USM Alumnus Jackson Building Outstanding Career in Higher Education
Wed, 11/16/2022 - 09:23am | By: Van Arnold
As a percussionist in the Pride of Mississippi marching band and undergraduate student at The University of Southern Mississippi (USM), Dr. Jerlando L. Jackson realized the importance of teamwork, precision, and discipline.
While marching to the beat of a persistent drum, Jackson has built an impressive career in higher education as a renowned author, professor, and scientist. He currently serves as Dean of the Michigan State University (MSU) College of Education and the MSU Foundation Professor of Education. In addition, he serves as the Director and Chief Research Scientist of the Organizational Disparities Laboratory.
Jackson received his Bachelor of Music Education at USM in 1996 before earning his Master’s degree in Higher Education Administration at Auburn and his Ph.D. in Higher Education at Iowa State University. Jackson says that his time at USM paved a distinct pathway to the professional success he enjoys today.
“Without question, my experiences in and outside the classroom at USM formed a foundation that allowed me to navigate graduate school, a career in the professoriate, and now in college leadership,” said Jackson.
Jackson has authored or co-authored articles in more than 125 publications. He has authored or edited six books, including, “Measuring Glass Ceiling Effects: Opportunities and Challenges” and Ethnic and Racial Administrative Diversity: Understanding Work Life Realities and Experiences in Higher Education. He has been credited with coining the term “organizational disparities” after conducting years of research on hiring practices, career mobility, workforce diversity, and workforce discrimination.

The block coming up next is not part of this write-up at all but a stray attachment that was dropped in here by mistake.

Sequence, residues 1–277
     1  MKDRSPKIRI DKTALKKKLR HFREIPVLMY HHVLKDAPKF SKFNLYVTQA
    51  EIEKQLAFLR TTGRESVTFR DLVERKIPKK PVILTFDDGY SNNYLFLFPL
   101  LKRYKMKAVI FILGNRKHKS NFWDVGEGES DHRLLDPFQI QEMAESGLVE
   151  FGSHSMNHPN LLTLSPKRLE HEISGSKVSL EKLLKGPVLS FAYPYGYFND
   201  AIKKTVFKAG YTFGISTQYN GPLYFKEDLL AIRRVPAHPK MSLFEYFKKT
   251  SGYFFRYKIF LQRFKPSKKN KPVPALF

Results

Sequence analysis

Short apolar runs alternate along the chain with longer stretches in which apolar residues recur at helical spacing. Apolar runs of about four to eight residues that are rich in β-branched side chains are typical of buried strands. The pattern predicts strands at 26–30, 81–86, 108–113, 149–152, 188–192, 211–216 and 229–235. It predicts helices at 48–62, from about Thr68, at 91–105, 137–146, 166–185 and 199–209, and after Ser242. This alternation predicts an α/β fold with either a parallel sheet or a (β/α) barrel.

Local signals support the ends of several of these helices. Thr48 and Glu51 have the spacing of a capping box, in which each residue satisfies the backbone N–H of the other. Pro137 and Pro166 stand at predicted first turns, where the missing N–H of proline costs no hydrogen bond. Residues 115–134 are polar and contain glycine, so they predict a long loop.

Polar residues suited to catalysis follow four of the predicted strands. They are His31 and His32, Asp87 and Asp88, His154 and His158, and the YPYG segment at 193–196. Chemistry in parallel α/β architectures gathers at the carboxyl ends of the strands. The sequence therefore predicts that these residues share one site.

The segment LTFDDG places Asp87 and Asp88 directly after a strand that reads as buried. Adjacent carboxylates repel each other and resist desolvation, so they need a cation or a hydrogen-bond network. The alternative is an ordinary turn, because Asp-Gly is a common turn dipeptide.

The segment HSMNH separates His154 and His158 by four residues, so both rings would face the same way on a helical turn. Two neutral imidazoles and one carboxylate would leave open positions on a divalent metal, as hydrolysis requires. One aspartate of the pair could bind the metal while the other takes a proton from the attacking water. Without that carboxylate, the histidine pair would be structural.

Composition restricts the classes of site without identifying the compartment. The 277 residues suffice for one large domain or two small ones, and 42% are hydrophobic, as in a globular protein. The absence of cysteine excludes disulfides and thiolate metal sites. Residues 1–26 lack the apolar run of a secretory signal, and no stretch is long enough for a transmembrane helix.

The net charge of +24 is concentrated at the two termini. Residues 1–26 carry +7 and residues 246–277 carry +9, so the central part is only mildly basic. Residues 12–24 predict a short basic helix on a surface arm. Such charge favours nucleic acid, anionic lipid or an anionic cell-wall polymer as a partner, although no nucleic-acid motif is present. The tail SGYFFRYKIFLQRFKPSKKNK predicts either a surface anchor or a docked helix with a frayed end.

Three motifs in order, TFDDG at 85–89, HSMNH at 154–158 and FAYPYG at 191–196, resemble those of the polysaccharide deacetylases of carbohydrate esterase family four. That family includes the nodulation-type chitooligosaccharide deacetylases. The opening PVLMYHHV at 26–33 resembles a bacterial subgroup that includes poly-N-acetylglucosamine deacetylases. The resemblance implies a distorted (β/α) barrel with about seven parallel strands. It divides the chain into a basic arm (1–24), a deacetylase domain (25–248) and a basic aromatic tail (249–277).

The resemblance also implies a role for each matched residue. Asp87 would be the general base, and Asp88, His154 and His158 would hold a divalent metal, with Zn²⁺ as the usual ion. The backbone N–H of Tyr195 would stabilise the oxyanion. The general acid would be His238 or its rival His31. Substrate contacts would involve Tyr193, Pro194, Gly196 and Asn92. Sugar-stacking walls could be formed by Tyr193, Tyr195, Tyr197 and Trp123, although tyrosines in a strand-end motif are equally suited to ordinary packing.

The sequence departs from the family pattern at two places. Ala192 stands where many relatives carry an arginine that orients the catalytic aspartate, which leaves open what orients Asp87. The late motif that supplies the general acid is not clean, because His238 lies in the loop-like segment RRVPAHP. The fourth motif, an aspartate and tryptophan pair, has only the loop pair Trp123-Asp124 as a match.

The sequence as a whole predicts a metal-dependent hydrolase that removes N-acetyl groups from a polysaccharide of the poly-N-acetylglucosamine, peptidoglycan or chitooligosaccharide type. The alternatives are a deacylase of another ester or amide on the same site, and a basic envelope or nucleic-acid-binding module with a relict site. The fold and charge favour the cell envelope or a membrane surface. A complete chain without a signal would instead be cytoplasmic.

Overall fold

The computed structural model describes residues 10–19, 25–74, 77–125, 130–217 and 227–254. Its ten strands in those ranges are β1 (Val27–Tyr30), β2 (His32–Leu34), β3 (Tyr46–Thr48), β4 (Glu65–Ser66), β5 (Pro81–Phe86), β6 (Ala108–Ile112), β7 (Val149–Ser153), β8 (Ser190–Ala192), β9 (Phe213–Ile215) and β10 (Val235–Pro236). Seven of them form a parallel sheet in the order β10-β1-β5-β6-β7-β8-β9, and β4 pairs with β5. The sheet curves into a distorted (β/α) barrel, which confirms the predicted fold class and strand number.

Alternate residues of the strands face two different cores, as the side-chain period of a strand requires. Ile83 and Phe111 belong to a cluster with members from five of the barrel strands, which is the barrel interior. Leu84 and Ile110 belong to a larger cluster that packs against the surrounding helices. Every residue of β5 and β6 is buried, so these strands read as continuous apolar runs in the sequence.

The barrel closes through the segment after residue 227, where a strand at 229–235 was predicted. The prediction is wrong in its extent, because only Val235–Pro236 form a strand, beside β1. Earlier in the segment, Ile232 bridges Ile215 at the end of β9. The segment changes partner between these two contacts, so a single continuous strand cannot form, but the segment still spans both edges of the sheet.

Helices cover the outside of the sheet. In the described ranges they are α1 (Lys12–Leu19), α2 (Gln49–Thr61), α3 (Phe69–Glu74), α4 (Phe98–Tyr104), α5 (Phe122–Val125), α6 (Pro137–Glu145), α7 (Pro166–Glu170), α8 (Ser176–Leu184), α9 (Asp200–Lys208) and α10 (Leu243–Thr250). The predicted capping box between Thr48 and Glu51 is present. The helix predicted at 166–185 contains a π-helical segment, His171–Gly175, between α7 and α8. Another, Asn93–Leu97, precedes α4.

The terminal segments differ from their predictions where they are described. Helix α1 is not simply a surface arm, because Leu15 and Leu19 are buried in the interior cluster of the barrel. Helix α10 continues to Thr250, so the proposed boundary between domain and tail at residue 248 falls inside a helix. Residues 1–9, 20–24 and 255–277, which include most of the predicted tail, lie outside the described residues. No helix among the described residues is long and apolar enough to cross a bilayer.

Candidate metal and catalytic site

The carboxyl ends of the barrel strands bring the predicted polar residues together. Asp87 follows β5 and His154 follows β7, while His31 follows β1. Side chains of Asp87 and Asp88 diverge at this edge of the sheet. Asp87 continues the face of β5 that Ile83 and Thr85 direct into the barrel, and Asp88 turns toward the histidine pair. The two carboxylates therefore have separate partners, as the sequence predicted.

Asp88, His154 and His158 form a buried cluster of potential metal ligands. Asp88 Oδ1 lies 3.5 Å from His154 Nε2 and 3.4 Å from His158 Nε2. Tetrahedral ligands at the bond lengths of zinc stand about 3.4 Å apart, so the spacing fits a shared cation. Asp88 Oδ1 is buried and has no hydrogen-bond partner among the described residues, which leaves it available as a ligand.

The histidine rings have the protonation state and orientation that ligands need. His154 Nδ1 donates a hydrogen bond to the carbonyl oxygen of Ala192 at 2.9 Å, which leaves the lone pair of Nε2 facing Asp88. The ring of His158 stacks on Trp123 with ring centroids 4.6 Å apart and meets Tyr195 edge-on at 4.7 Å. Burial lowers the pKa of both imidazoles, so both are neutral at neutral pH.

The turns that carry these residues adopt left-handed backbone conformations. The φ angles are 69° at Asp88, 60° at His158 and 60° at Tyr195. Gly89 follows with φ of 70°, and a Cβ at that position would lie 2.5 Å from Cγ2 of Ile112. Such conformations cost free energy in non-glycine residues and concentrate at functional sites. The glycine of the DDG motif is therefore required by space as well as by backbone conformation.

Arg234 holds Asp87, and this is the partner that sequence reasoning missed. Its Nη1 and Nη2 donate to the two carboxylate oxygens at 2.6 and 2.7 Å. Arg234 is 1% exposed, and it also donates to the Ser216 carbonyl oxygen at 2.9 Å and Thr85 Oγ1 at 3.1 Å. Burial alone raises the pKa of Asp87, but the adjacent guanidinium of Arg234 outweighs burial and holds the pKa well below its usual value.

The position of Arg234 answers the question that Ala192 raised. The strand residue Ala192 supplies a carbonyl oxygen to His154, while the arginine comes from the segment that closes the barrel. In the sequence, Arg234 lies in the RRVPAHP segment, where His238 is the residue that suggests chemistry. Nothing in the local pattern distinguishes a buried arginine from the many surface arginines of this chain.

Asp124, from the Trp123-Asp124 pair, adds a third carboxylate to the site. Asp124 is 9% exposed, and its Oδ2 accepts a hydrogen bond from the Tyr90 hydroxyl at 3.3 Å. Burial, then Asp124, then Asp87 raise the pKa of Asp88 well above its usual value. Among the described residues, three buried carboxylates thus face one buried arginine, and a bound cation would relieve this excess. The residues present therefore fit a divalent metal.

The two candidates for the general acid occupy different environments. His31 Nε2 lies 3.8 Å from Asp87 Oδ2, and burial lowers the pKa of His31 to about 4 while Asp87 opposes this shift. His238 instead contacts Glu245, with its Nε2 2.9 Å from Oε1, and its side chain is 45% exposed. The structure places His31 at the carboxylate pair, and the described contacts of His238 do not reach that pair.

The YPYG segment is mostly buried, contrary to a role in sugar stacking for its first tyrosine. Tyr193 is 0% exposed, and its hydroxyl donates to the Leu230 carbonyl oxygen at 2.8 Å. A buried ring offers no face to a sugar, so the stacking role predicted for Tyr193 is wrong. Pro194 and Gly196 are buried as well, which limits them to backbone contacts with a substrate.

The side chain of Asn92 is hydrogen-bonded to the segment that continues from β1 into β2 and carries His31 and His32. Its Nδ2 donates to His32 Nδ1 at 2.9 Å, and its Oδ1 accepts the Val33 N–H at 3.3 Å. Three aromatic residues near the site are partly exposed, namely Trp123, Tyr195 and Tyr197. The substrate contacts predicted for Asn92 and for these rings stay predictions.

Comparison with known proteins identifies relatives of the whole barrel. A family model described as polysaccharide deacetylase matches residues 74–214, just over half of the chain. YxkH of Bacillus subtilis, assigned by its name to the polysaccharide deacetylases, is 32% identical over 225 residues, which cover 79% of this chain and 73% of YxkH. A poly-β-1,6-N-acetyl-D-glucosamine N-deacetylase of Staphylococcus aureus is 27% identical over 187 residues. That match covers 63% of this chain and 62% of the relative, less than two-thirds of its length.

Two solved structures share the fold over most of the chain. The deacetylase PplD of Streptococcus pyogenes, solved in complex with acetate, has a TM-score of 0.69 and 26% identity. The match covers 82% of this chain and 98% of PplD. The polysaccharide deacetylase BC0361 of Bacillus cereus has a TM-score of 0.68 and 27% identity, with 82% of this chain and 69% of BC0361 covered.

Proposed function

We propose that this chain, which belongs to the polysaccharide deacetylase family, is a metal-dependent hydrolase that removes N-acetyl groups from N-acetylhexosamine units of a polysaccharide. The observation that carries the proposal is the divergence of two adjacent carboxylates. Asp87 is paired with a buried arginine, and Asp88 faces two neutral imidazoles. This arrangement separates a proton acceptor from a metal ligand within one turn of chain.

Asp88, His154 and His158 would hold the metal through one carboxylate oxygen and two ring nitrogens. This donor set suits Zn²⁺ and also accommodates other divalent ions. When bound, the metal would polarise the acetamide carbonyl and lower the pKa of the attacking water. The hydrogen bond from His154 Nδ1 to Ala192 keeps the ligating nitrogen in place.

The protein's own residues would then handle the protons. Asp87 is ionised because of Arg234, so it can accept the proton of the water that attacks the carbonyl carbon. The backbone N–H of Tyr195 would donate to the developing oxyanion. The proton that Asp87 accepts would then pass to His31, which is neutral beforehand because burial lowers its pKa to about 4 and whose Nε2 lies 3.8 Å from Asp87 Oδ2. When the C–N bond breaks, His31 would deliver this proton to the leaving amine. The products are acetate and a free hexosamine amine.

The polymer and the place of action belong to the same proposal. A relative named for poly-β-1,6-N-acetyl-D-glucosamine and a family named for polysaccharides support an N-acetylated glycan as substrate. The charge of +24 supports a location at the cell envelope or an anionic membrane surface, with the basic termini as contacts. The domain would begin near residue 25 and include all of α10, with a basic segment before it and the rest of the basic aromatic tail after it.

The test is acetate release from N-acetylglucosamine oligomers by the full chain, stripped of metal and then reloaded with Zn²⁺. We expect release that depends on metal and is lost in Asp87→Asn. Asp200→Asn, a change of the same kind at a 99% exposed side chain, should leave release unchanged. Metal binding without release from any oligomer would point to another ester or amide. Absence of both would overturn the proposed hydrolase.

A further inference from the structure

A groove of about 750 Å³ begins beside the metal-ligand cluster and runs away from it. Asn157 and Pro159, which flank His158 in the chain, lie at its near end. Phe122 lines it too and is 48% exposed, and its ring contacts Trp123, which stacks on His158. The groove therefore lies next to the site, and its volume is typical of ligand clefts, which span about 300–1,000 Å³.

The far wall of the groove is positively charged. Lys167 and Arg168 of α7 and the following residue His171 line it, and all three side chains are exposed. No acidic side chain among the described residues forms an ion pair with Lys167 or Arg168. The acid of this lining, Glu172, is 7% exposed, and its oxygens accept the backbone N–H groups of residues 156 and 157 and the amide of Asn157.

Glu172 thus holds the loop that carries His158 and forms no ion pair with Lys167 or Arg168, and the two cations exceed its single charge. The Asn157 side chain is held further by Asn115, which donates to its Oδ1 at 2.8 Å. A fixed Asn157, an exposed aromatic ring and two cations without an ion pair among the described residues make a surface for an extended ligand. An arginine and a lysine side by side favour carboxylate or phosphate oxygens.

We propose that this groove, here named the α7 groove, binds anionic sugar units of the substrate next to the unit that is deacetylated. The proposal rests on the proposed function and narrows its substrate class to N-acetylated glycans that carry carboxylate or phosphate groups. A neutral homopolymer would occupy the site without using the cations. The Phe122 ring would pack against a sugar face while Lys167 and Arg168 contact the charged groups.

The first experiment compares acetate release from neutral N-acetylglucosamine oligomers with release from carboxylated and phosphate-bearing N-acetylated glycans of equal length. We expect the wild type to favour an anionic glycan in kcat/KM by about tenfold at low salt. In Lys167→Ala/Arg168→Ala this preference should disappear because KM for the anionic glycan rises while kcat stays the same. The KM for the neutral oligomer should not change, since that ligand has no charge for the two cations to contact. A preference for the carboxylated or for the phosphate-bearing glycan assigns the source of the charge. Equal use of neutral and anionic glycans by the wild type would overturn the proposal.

He has established multiple groundbreaking initiatives that include serving as Founding Executive Director of the Center for African American Research and Policy (CAARP) in 2005, Founding Co-Director of the Asa G. Hilliard III and Barbara A. Sizemore Research Course on African Americans and Education held at the American Educational Research Association since 2007, Founding Director of Wisconsin’s Equity and Inclusion Laboratory (Wei LAB) in 2010, and Co-Founder of the International Colloquium on Black Males in Education in 2011.
Jackson has also received external funding to develop the Beyond the Game program and the National Study of Intercollegiate Athletics, transformational projects related to the experiences of student-athlete and staff in intercollegiate athletics.
A native of Ashburn, Ga., and born into a military family, Jackson lived in Germany for several years before settling in Ft. Benning, Ga. He enrolled at USM in 1991 after learning about the University’s stellar reputation in the arts.
“As a music major, I selected USM because it had one of the best percussion studios in the country, and I wanted to study with Dr. Sherman Hong (longtime USM music professor, now retired),” said Jackson.
While at USM, Jackson became actively involved in Greek Life and counts his membership of the Kappa Iota Chapter of Kappa Alpha Psi Fraternity as a highlight of his time on the Hattiesburg campus. He fondly recalls becoming closely acquainted with Dr. Joe Paul, who served as Vice President for Student Affairs during Jackson’s days as an undergraduate. Paul now serves as the University’s 11th president.
“I was fortunate enough to forge a relationship with Dr. Paul while an undergraduate, which continued after my graduation,” said Jackson. “Those interactions were connected to being a member of Greek Life on campus, being a student leader on campus, and career exploration when I learned about career pathways that led to working on college campuses. He was always genuine, responsive, and helpful to me.”
As colleges and universities across the country grapple with the task of boosting enrollment, Jackson offers some insight as to how they might tackle the challenge.
“Two factors that will be critical to addressing the enrollment challenges in public higher education are clarifying and communicating the value proposition of a college degree in society and articulating clear career pathways for future and current students,” he said.